Pentosan Polysulfate Safe, Effective for Arthritic Horses

A field study of the drug showed it significantly improved lameness in horses and induced no clinically relevant adverse effects.

gray horse trotting in sandy arena
The PPS injectable product, Zycosan, was approved by the FDA to control clinical signs of osteoarthritis. | Getty images

The pentosan polysulfate (PPS) injectable product Zycosan (manufactured by Anzac Animal Health LLC) was approved by the FDA in December 2022 to “control clinical signs associated with osteoarthritis in horses.” Pentosan polysulfate is a semisynthetic polysulfated xylan, which is a polysaccharide consisting mostly of xylose, a type of simple sugar.

During the 2022 American Association of Equine Practitioners Convention, held Nov. 18-22 in San Antonio, Texas, Scott McClure, DVM, PhD, Dipl. ACVS, ACVSMR, of Midwest Equine Surgery and Sports Medicine, in Boone, Iowa, presented details on the field trial that was conducted as part of the FDA approval process.

That field trial included client-owned horses with radiographic evidence of osteoarthritis in a single joint. Horses were randomly assigned to either a control (receiving saline) or treatment (PPS) group that was administered 3 mg/kg PPS intramuscularly (IM) once weekly for four consecutive weeks. They evaluated horses on Days 0, 7, 14, and 28, and the owners assessed them daily. Ten days after the last exam, the veterinarians performed a final follow-up phone call to the owners.

In total, 219 horse aged 3 to 32 years completed the study.

“Treatment success rate was 60% in PPS-treated horses compared with only 36% of saline-treated horses, meaning that horses improved at least one lameness grade over the course of the 28-day study,” relayed McClure.

He said they identified no concerns related to PPS’s anticoagulant (mild heparin-like) properties (i.e., not blood clotting abnormalities were appreciated). Specifically, prothrombin time, activated partial thromboplastin time (two indicators of how long it takes for blood to clot), and fibrinogen (a clotting factor) were within the reference ranges throughout the study.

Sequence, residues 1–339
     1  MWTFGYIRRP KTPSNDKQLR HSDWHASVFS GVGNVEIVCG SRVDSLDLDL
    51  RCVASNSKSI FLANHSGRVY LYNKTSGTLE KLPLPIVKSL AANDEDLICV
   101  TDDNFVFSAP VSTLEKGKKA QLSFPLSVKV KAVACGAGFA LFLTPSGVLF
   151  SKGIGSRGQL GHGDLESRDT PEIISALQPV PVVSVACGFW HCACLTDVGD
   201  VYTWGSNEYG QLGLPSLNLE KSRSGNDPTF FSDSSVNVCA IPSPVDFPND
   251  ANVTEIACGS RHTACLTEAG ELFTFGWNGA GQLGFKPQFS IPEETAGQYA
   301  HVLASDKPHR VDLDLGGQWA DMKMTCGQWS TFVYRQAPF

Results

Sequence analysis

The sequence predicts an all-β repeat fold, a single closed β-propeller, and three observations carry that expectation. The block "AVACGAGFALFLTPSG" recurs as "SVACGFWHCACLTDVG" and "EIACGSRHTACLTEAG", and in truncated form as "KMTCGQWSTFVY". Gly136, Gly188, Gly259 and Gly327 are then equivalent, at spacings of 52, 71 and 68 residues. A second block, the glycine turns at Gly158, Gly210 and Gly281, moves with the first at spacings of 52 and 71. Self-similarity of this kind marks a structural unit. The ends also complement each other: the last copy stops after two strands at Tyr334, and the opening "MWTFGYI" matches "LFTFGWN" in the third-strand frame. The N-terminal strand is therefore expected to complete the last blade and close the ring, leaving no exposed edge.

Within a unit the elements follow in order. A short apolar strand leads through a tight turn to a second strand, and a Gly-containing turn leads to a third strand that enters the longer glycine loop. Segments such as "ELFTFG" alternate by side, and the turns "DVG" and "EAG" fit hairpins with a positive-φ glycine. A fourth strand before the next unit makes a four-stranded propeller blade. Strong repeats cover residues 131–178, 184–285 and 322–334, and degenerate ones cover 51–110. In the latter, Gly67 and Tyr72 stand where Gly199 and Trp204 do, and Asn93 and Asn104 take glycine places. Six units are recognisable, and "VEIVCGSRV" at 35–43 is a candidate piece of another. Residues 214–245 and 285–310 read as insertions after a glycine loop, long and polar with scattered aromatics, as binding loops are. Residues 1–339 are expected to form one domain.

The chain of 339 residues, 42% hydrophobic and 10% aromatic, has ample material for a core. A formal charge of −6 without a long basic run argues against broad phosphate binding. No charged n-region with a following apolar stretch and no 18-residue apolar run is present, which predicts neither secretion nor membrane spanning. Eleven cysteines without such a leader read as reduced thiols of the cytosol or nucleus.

Unrelated to blood clotting, blood urea nitrogen (BUN) and mean corpuscular hemoglobin (MCH, the average amount of the oxygen-carrying protein hemoglobin in each red blood cell, were both significantly higher in the treatment group. Those increases, however, were likely spurious and not clinically significant, said McClure. They were simply noted for full transparency regarding this product.

“What was interesting was the significant decrease in globulins, total protein, neutrophils, and white blood cell count in the PPS-treated horses,” he said. “There is no singular explanation for this finding, but it does suggest a whole-body decrease in inflammation. This may mean we are not treating just the single joint with OA, and this is certainly an area that needs to be looked at a little more.”

Finally, fewer than 10% of horses had injection site reactions, as you’d expect with any IM injection, he said.

Wrapping up his presentation, McClure said, “PPS at 3 mg/kg is both safe and effective for OA in horses when administered IM once a week for four weeks. The data also suggest that this product can be used prophylactically (preventively).”


Written by:

Stacey Oke, MSc, DVM, is a practicing veterinarian and freelance medical writer and editor. She is interested in both large and small animals, as well as complementary and alternative medicine. Since 2005, she’s worked as a research consultant for nutritional supplement companies, assisted physicians and veterinarians in publishing research articles and textbooks, and written for a number of educational magazines and websites.

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